Prefixing the term "smart" to an otherwise unintelligible piece of object has been quite the trend, with glasses, watches, and even jackets getting the tech treatment. But what if it was applied to something so far removed from technology — tattoos, maybe?
Smart Tattoo: How Would It Work?
A group of researchers from Harvard and the Massachusetts Institute of Technology has done exactly that. They created the Dermal Abyss project, a proof-of-concept "that presents a novel approach to bio-interfaces in which the body surface is rendered an interactive display."
What does that mean, exactly? Did they embed a screen on a person's skin? Well, not exactly. The researchers replaced traditional tattoo ink with biosensors that can change colors if they detect variations in the interstitial fluids — a solution enveloping the tissue cells — of the skin. This means the tattoo could help monitor fluctuating health conditions such as dehydration or increased blood glucose, according to the group's joint study.
The biosensors in the ink respond to concentrated amounts of sodium, glucose and hydrogen ions. The group has already developed two kinds of green ink — one which can change to brown upon detection of increased blood sugar levels, and another which glows more strongly under blue light upon detection of increased sodium concentration, as International Business Times reports.
It's a groundbreaking idea, but it has plenty of challenges and limitations. For one, the group noted it still needs to expand the range of colors of the biosensors to enable higher-resolution information. They also need to make sure it's safe and not toxic, and doesn't interfere with normal tissue function. Finally, they need to be sure the biosensors will stay in the skin for a long time.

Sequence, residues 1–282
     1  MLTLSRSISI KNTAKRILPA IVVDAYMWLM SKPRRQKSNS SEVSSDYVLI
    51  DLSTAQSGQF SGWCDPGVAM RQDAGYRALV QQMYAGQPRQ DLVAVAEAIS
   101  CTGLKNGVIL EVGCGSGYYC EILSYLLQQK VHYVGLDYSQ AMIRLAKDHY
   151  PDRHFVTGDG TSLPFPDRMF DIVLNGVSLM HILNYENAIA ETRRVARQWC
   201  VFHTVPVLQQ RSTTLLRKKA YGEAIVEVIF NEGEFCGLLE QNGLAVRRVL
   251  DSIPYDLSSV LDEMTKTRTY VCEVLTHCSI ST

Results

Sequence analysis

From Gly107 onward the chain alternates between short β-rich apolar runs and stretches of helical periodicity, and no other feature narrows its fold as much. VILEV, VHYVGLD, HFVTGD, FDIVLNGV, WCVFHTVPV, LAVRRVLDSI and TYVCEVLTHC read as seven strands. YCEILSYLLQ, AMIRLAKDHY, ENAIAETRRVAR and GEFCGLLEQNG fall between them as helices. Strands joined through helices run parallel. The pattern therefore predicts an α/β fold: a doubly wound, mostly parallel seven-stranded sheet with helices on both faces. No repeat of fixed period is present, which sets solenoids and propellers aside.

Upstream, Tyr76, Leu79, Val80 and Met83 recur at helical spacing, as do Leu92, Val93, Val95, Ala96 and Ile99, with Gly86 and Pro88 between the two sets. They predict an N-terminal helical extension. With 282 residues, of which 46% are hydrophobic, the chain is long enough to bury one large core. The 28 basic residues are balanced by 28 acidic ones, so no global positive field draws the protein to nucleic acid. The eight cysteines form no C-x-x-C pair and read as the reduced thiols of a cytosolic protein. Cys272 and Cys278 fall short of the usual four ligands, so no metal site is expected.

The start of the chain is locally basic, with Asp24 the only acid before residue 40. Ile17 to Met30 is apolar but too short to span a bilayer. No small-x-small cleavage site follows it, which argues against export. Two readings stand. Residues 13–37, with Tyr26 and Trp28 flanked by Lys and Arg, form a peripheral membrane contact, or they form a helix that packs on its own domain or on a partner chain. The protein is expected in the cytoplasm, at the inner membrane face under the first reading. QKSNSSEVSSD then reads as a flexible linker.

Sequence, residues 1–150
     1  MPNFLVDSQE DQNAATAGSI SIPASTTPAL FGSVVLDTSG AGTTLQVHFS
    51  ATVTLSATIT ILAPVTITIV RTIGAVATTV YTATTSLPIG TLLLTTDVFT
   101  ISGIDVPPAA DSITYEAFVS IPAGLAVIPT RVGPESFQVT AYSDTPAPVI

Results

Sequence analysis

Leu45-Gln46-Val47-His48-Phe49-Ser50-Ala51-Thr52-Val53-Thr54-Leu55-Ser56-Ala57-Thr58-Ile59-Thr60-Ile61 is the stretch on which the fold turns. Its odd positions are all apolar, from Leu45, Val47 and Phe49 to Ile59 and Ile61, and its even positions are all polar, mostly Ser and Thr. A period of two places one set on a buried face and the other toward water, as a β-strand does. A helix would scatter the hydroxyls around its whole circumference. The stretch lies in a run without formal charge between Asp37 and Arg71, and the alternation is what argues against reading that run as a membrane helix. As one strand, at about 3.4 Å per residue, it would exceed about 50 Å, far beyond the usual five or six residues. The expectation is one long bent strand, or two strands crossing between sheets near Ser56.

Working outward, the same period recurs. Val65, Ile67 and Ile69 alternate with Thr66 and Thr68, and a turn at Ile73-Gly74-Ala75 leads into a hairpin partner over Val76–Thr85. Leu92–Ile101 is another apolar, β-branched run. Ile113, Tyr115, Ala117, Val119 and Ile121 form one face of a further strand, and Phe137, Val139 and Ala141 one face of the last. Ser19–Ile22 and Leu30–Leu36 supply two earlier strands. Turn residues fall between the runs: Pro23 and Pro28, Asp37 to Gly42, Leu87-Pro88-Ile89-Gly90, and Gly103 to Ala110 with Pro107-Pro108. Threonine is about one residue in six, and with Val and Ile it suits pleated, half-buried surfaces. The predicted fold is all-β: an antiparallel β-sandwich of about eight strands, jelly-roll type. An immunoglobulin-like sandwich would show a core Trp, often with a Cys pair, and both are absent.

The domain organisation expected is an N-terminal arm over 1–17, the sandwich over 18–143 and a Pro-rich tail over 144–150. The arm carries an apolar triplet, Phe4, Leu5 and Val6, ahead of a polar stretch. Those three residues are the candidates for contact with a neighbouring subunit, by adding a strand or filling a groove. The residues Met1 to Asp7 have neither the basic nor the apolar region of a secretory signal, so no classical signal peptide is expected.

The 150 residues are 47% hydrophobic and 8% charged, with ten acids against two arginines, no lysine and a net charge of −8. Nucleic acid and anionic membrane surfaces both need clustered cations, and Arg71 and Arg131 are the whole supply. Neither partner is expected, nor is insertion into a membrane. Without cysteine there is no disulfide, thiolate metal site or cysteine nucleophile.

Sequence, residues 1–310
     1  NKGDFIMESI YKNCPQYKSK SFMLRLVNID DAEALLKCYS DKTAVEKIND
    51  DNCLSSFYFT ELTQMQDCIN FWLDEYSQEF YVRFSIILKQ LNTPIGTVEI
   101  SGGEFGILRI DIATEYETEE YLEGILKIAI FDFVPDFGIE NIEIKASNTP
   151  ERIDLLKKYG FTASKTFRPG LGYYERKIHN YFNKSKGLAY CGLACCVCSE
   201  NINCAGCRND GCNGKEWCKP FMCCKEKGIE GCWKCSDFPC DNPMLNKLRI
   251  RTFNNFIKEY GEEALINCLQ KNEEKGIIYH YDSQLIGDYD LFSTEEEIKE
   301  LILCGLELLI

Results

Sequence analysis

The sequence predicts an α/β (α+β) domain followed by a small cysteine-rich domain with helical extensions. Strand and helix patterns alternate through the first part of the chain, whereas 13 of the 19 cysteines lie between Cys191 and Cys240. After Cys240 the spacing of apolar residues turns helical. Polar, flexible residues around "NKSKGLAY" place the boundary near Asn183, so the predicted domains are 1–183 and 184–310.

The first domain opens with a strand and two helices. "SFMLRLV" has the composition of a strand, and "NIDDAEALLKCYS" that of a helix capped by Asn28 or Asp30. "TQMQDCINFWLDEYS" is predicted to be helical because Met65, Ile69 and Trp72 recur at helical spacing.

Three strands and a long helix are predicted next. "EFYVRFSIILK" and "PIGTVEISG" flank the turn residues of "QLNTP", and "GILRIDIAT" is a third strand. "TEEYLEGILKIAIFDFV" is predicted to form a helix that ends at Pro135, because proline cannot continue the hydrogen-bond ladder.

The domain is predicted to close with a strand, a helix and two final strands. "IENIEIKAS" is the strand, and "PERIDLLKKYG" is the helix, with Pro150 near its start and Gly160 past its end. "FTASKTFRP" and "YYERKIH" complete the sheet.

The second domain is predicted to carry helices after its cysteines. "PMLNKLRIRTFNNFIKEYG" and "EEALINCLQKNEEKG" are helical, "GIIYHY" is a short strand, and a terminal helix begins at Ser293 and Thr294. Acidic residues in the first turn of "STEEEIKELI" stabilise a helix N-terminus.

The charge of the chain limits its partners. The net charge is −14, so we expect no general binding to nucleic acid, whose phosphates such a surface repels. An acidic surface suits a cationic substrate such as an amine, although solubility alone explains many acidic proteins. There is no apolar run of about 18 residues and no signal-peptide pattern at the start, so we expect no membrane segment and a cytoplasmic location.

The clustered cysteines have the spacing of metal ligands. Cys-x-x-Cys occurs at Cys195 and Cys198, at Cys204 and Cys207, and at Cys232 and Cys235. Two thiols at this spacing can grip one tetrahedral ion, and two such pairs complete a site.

There's hope it could be realized. Nan Jiang, one of the study's authors, said the smart tattoos could be applied to athletes to monitor their health levels, and even astronauts to monitor their condition while in space.
But tattoos that reveal one's health condition could be a potential privacy concern — an issue the team seeks to address by looking for ways to make the ink invisible. This means that the person could be able to monitor the changes in the ink by casting light — perhaps from a smartphone — in its direction.
Dermal Abyss Is Still Just A Proof-Of-Concept, Though
The group noted that Dermal Abyss is a research project, and there are currently no plans to develop it as a product or go into clinical trials. Still, it imagines Dermal Abyss to replace traditional methods of, say, diabetes monitoring, which currently requires the person to draw blood by pricking their finger 3 to 10 times a day. In a sense, the body tattoo becomes an interface, telling the diabetic person at any given moment whether they need a shot of Insulin.